The MiDOG All-in-One Microbial Test is our new gold standard of pathogen identification. The results are so accurate and valuable – especially with assessing both bacterial and fungal infections with the same sample.

Thank you MiDOG!”

Kathy Wentworth, DVM, Diplomate ABVP Canine and Feline Practice – PetPoint Medical Center, Irvine, CA

“The MiDOG staff was extremely helpful and supportive.”

Cathy Curtis, DVM – London, UK

“I have had great results using the MiDOG® Test. Compared to traditional culture tests, I am better able to target the treatment for dogs because the MiDOG® Test is so sensitive that it identifies all pathogens including bacteria and fungi, as well as antibiotic sensitivity.

The cost and turnaround time are about the same as a culture test, but I get much more data. The test has great performance and I believe the NGS technology will be a game changer for veterinarians treating dogs with lesions or other infections.”

Michael Kavanagh, DVM, Practice owner – Saddleback Animal Hospital, Tustin, CA

“It’s helpful to have an NGS spectrum because it gives you a broader insight of what’s happening and what might be going on.”

Richard Harvey BVSc DVD DipECVD PhD FRSB FRCVS – European Specialist in Veterinary Dermatology – Head of Dermatology, Willows Veterinary Centre & Referral Service – Solihull, England UK

“I have been using MiDog for over 4 years now and exclusively as my test of choice for all cultures for 3 years.  It is so great to submit a culture and feel confident there will be a result when it comes back, especially for urine cultures.  The reports were intimidating at first because they contain so much information.  After the first few, I am now quickly able to glance over it and pick out the highlights.  I can then come back later and pour over all the details.  I have been extremely pleased with my patients’ results using the test as well.  I don’t envision ever going back to traditional culture and susceptibilities again.”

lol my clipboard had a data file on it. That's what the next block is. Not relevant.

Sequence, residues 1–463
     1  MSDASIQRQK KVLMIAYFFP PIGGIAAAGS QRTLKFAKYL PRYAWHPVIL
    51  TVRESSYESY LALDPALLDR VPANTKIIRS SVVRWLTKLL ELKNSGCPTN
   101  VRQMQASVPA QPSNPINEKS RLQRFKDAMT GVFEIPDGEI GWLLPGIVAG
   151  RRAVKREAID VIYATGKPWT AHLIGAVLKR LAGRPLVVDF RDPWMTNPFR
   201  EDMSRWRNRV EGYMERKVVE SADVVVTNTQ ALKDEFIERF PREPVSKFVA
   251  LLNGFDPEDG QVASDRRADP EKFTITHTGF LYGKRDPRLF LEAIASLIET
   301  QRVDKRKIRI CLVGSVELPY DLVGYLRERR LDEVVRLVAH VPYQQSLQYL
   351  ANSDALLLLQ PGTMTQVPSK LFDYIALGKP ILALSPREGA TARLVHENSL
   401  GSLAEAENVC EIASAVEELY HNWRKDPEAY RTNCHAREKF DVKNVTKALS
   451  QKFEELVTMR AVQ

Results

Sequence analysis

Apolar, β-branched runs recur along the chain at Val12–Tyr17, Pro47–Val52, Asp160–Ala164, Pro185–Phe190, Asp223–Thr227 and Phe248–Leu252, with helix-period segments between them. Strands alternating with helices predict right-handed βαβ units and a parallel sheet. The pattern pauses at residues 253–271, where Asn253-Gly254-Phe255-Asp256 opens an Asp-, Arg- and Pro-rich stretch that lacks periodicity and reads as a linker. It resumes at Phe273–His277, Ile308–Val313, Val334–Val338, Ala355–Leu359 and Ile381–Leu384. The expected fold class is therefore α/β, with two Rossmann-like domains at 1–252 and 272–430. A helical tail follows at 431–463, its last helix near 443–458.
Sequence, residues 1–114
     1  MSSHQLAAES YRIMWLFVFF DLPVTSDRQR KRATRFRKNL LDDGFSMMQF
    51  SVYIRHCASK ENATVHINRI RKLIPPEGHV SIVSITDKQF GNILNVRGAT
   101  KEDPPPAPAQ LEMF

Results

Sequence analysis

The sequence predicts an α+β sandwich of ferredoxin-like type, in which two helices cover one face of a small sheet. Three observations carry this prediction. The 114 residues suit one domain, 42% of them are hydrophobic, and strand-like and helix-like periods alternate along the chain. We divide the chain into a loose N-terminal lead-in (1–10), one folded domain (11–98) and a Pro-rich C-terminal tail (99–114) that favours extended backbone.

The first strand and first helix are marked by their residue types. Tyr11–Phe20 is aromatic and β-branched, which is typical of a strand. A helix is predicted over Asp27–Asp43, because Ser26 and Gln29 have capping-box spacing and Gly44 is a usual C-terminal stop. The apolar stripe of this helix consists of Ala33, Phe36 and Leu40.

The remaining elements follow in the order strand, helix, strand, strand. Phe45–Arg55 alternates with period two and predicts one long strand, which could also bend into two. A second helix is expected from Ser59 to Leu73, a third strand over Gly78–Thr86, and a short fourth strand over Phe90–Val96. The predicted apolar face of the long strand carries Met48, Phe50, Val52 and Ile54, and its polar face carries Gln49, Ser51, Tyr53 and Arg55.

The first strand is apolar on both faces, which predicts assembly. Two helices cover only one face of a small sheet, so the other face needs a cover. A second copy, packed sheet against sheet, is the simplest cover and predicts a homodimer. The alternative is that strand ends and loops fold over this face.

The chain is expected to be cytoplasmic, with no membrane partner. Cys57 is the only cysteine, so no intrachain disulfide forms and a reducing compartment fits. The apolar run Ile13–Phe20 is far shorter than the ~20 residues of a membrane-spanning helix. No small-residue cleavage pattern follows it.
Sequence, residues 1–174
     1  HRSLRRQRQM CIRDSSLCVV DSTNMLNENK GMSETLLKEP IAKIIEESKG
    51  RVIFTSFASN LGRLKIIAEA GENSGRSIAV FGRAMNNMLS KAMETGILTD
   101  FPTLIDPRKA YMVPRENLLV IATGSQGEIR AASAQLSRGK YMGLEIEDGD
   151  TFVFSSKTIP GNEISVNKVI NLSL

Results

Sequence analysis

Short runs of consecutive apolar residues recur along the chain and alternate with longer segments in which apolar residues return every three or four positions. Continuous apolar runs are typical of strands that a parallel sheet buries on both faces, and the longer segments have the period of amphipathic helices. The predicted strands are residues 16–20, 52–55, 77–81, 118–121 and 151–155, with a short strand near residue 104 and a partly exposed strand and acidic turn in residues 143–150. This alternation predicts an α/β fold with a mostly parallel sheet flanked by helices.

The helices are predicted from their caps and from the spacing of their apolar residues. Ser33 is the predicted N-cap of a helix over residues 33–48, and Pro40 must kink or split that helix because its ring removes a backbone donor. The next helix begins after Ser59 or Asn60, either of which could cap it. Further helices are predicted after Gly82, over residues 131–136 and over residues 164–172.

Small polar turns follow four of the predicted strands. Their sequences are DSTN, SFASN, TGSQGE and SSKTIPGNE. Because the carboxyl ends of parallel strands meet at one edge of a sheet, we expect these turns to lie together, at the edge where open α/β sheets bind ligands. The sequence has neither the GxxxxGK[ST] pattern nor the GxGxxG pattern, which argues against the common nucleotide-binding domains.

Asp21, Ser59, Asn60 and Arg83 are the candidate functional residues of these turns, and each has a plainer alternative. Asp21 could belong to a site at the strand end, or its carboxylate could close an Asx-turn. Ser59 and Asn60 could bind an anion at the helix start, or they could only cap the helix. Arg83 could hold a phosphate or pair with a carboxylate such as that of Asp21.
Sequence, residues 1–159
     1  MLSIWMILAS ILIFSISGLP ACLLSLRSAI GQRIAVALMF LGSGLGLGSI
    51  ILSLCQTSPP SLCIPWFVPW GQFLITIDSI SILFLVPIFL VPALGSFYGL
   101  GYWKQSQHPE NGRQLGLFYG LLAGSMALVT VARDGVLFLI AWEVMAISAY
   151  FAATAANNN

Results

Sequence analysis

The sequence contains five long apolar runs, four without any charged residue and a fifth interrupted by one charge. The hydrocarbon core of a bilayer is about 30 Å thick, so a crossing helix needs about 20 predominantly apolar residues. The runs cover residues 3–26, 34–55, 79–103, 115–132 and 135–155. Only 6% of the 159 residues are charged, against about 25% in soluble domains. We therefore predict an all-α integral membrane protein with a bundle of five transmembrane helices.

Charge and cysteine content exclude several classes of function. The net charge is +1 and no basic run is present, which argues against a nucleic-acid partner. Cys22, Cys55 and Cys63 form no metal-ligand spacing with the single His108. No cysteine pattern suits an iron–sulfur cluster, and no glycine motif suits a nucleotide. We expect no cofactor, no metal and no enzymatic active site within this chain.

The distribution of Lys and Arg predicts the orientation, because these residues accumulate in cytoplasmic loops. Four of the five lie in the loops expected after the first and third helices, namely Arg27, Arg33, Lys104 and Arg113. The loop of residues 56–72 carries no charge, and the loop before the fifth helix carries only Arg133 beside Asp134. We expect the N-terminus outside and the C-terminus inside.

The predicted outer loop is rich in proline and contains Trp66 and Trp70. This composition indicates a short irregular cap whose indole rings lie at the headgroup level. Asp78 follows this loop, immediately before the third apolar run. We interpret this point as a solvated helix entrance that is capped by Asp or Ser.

Brian M. Urmson, DVM, Columbiana Veterinary Associates

“As an exotic veterinarian, there are numerous tests we have to consider to check specific bacterial and fungal organisms based on the species. MiDOG eliminates the need for many of these separate samples and provides definitive results quickly to help us treat our patients more efficiently and effectively. The lab is wonderful to work with and has never rejected our samples- they even processed a lizard toe we amputated and determined the cause of skin infection.”

Dr. Melissa Giese, Chicago Exotics Animal Hospital

“MiDOG’s diagnostic approach offers the unique ability to identify pathogens that evade traditional culture and sensitivity testing. I have found that adding a molecular based testing approach in the form of Next Generation Sequencing (NGS) from MiDOG to my routine diagnostic cultures can be extremely helpful in the identification and diagnosis of uncommon pathogens in veterinary medicine.”

Dr. Wayne Rosenkrantz, Animal Dermatology Clinic – Tustin

“She [Dr. Krumbeck] really did a great job of making complicated concepts accessible and demonstrating the value of your services. I’m really looking forward to working with MiDOG on my research project!”

Dr. Yaicha Peters, Animal Dermatology Clinic – San Diego

“As a proud collaborator with MiDOG, I deeply appreciate their dedication to fostering partnerships between industry and veterinary experts. Their commitment to enhancing diagnostic quality for veterinarians is commendable. In my experience, their support has been invaluable, earning them a ‘Double A+, Triple Star’ rating. Their assistance has been faultless, contributing significantly to the success of my projects and studies. I eagerly anticipate our continued collaboration.”

Dr. Richard Harvey, BVSc DVD DipECVD PhD FRSB FRCVS; European Specialist in Veterinary Dermatology

“We’re seeing that, if we prescribe too many antibiotics or they’re taken too frequently, animals are developing inappropriate or pathogenic strains of bacteria. We’re also seeing that our antibiotics are just not working against them anymore… It’s a good example of why we need better diagnostic testing, like MiDOG, so that we’re selecting the correct antibiotic every time our patients have an infection.”

Dr. Alissa Rexo, DVM, CVA, DACVD, Mid-Atlantic Veterinary Dermatology